Six Ways That Debtors Delay Payments…And How to Handle Them

Dealing with delinquent debtors is becoming more and more common in today’s business environment. While none of us look forward to handling these trouble accounts, we also don’t have a choice in most instances. The whole world operates on credit, and sometimes we make mistakes and offer that credit to the wrong people.

Once you find yourself in a situation where you are working with a debtor who has fallen behind on their payments, you are almost certain to hear at least one excuse as to why they weren’t able to make their payments. One of the best things you can do in these situations is to have a response prepared for all of the most common excuses.

Let’s take a closer look at six of the most common types of debtor excuses and the best ways to handle them.

 The Check Bounced

One of the ways that delinquent debtors will try to buy themselves some additional time is to write you a check that they know is not going to clear their bank account. However, it can take up to two weeks from the time you deposit the check for your bank to notify you that it bounced…which is exactly what they wanted.

The best response to a bounced check is to demand immediate payment in cash. Don’t let the debtor try to buy more time by slipping you another bad check. Cash is king.

Breaks Promise of Payment

Debtors who have experience with delinquent accounts will often make you promises about when they will be able to make payments. They also have a bad habit of not delivering on those promises.

If you find yourself in a situation with a bunch of empty promises, you are going to want to keep detailed notes of each and every promise that was made and whether or not each promise was kept. You can then use these notes in your collection process.

Never Calls You

Perhaps the most frustrating type of delinquent debtor is the one who never bothers to call you about their account and doesn’t return any calls you make to them. They prefer to bury their heads in the sand, hoping their problems will just go away.

Anyone who can’t be bothered to keep you posted on their situation clearly doesn’t have a strong desire to maintain a business relationship with you, so this type of debtor should immediately be moved through your collection process.

Demands Documentation

Assuming that you are conducting a completely legitimate business, just about anyone who demands documentation from you is likely just looking for a loophole to get out of paying you. This is one of the most common pieces of advice passed around between delinquent debtors.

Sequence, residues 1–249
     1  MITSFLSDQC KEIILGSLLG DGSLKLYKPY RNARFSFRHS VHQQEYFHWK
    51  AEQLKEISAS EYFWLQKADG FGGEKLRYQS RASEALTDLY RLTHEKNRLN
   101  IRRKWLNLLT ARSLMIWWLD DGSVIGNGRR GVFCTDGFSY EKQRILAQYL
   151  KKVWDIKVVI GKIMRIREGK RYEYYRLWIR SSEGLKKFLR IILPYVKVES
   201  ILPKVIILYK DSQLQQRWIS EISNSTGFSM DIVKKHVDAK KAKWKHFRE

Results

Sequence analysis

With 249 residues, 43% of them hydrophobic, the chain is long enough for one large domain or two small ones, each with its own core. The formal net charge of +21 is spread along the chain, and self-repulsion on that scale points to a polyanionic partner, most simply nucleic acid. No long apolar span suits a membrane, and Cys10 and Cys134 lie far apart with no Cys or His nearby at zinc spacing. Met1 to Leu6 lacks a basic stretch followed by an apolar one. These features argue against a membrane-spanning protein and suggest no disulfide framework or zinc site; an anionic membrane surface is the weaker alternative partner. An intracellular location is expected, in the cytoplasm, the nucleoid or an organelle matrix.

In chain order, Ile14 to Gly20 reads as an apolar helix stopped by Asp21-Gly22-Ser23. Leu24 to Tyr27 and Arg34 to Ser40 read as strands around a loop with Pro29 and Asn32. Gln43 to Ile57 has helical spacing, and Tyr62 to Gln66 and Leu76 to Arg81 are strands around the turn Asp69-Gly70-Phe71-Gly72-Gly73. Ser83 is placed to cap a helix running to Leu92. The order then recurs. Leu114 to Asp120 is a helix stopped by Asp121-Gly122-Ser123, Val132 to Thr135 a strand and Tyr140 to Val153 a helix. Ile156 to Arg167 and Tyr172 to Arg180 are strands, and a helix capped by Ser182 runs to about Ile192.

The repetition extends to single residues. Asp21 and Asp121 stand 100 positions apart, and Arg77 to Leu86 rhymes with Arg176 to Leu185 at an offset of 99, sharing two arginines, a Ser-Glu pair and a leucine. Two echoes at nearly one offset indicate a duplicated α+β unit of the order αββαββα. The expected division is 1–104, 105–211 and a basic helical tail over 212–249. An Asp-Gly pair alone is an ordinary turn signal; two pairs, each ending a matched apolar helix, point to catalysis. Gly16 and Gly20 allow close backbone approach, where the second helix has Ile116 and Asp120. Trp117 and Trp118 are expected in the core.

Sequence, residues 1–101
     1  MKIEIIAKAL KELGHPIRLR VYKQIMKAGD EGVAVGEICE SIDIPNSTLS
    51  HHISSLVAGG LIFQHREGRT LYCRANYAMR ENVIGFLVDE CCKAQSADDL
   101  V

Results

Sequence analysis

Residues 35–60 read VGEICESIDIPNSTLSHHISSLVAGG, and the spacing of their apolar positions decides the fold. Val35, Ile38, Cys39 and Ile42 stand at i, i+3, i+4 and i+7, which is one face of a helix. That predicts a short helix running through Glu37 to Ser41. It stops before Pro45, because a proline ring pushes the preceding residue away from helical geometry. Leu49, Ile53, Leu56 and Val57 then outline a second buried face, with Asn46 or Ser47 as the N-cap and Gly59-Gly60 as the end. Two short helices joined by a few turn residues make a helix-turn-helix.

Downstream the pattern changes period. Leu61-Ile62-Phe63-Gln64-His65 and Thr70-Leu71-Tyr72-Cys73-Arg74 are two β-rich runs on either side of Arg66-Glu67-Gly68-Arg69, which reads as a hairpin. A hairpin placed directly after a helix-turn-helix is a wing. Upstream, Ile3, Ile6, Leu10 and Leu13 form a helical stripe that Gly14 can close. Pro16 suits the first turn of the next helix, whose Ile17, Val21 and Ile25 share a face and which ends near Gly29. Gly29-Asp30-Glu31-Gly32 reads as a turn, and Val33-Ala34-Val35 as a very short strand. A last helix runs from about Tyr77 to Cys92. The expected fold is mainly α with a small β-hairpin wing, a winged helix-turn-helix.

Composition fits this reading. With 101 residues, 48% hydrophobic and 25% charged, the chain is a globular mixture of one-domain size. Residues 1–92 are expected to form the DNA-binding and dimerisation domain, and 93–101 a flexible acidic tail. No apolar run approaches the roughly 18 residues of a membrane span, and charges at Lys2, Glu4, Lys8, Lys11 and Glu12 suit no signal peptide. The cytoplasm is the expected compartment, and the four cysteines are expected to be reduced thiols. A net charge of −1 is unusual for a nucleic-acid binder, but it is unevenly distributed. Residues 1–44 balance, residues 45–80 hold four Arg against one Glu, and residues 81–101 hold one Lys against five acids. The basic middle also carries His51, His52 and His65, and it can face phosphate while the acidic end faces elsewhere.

The best defense against demands for documentation is to have all of the necessary documentation ready to go at a moment’s notice. This is why we always stress that you need to put an emphasis on keeping all of your records up to date.

Threatens Bankruptcy

Another common tactic from delinquent debtors is to threaten to file bankruptcy and walk away from their debts. This can be a scary idea if you aren’t prepared for it. But assuming you did your homework before extending credit, you should have a pretty good idea of where a person stands, and whether they would really declare bankruptcy over a few outstanding debts.

Blames Macro Issues

Out of all of the possible excuses, debtors who blame their problems on macro issues like the economy or the real estate market are quite possibly the most aggravating. They are simply grasping at straws in order to come up with any excuse to get themselves off the hook.

When you are dealing with a debtor who starts blaming the economy, just remind them that you are dealing with the same economic conditions, and that is why you need the people you do business with to honor their agreements with you.

Dealing with the excuses of delinquent debtors isn’t ever going to be something that you are going to look forward to, but with a little bit of preparation it is something that can definitely be at least a little less aggravating for you in the long run.

By | 2017-02-12T14:41:01+00:00 August 29th, 2016|Press|0 Comments

About the Author:

Graduated from University of Utah - business degree 1990. Served in US Army as an interrogator / linguist, then as a tactical intelligence officer - Military Intelligence 1986-1990. Managed Western US sales operations for NY based collection agency 1990-1992. Founded Direct Recovery Associates, Inc. 1992-present